This post will provide you with a step-by-step approach for the IELTS writing task 1 of your IELTS exam preparation.
Let's begin by highlighting that the IELTS writing task 1 only accounts for about one-third of your total writing marks as it is worth half the marks of writing task 2. For instance, if you get band 7 for writing task 1 and band 8 for writing task 2, your final marks will be band 7.5 for the IELTS writing test.
Your total score will be 7+8×2= 23. Next, 23 is divided by 3 to get 7.66. Your final band will be 7.66 and IELTS will round it up or down to the nearest half score which gives you band 7.5.
With this understanding, let's see our 7-step approach to the IELTS writing task 1:
1. Know what the examiner wants by learning the marking criteria
Doubtlessly, you need to know how the writing test is marked in order to gain points. Notably, the marking criteria for the writing task 1 is different from that in the writing task 2. In the writing task 1, the first marking criterion is "task achievement" while that in the writing task 2 is called "task response".
This section of the test is marked on a 1 to 9 band chart in 4 areas of criteria as follow:
- Task Achievement
- Coherence and Cohesion
- Lexical Resource
- Grammatical Range and Accuracy
The examiner will give a score for each of the 4 areas and the score for your writing task 1 will be an average of them. You can read more on the IELTS writing task 1 assessment criteria from the British Council. We have also written a post with examples to explain the IELTS marking criteria for writing task 1.
2. Study the structure of the IELTS writing task 1
Learning the types of questions that you may get in the writing task 1; the amount of time you have to compose your writing response; and the minimum number of words required for a decent mark is a vital step in the IELTE exam preparation.
For a start, we don't recommend you spend more than 20 minutes in the writing task 1 as any longer than this will result in less time for your writing task 2. In additional, you will have to write more than 150 words (around 175 words) to obtain a reasonable mark.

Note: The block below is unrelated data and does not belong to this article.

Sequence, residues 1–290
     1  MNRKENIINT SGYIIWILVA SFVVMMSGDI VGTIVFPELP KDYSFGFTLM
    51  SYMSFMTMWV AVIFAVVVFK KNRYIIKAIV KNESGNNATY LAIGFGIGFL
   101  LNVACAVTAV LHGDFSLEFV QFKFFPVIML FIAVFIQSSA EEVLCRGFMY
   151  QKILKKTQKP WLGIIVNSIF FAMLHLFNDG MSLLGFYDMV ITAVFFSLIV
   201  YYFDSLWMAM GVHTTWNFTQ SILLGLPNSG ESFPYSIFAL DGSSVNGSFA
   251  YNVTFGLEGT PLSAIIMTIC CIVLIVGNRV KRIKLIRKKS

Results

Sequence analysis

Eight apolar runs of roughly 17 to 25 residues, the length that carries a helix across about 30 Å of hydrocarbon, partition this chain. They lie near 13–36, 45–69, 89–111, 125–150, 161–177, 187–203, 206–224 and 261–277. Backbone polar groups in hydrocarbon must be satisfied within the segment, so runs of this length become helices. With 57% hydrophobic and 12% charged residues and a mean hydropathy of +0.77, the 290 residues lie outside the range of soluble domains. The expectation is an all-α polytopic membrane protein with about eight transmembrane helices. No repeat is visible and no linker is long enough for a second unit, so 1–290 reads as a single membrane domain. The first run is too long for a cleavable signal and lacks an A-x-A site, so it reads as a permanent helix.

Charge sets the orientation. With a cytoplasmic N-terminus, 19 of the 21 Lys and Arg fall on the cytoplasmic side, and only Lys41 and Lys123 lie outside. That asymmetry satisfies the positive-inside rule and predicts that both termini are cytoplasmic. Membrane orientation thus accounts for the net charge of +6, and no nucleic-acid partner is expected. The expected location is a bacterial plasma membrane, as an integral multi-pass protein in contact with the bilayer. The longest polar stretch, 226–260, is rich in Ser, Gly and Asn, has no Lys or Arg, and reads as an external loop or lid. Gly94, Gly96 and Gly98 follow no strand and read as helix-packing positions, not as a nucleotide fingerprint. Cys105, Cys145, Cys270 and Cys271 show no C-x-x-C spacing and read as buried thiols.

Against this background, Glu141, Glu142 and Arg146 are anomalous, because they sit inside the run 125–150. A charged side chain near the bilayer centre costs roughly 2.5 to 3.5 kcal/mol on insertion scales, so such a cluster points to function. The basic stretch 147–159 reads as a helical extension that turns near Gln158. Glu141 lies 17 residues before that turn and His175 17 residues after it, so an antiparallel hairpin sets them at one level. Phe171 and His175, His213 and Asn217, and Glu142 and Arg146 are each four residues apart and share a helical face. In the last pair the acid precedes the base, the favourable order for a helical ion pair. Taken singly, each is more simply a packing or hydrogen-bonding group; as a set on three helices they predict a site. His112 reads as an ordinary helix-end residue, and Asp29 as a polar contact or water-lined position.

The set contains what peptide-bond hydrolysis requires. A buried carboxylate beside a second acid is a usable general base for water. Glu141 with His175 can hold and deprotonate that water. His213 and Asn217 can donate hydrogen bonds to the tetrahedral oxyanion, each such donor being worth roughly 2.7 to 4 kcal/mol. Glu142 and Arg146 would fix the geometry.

For the types of questions in writing task 1, please see 5 types of IELTS writing task 1 report.
3. Get used to the process of analyzing reports
Without a solid analysis of the question, it is impossible to get a quality mark in the writing task 1. For a minimum, you need to do the followings:
- Breaking the question down into smaller pieces
- Identifying the key features, main differences, and notable trends
- Deciding the parts for comparison
- Considering whether the graph is static or dynamic
- Becoming aware of the tense of report
- Picking accurate data to support your reasoning
Many candidates make the mistake of trying to incorporate as much information as possible. They not only encounter a lot of stress attempting to include all the details in their writing but also end up getting a lower mark than those that write about things selectively.
The IELTS question clearly states that it wants you to "summarize the information by selecting and reporting the main features" instead of including everything in the report.
4. Familiarize yourself with various report types
As we explain earlier, there are 5 types of task 1 questions: graphs and tables; pie charts; multiple graphs and charts; maps and floor plans; and process diagram. Each requires you to focus on different things in your report.
For instance, in a dynamic graph, you will be focusing on the beginning, the maximum and minimum points, and the ending of the graph. While in a dynamic map question, it is necessary that you mention the changes in the sizes and positions of buildings; alteration of other landmarks or infrastructures; and the things that remain constant in your answer.
5. Learn the specific "topic language" for each type of the report questions
Following item 4, you will be required to adopt the specific "topic language" to describe the changes in each of the 5 report types.
For instance, the language you use to explain a process diagram might be:
- "Once the goods have been packed into boxes, they are then delivered to the factory for storage".
In contrast, for a line graph about industrial revenue, you would use language like the below:
- "The industrial revenue began at just below $100 million in 2000, after which it shot up to $200 million in 2010, and is set to reach $250 million in 2020."
As shown above, the language used in them are drastically different, and you will need to become familiar with all of them in your IELTS exam preparation.
6. Paragraph your answers coherently
In your reports, having a clear format is indispensable. This makes your report not only easier to mark but also logical, and closely link together. Acquire the skills to structure your response in 4 paragraphs as explained in the structure your report post.
Trying to use a variety of "cohesive devices" such as moreover; in addition; after that; while; although/ though; in/by contrast; however; and therefore to connect the information in your report together is also vital in your IELTS exam preparation.
7. Practice on the IELTS answer sheets and get them marked professionally
To complete your IELTS exam preparation, it is a must that you practice writing your repose on the official IELTS answer sheet. This lets you become aware of how your font size affects the position of your sentences, and more importantly, it lets you gauge the line on the sheet where you have written the required words.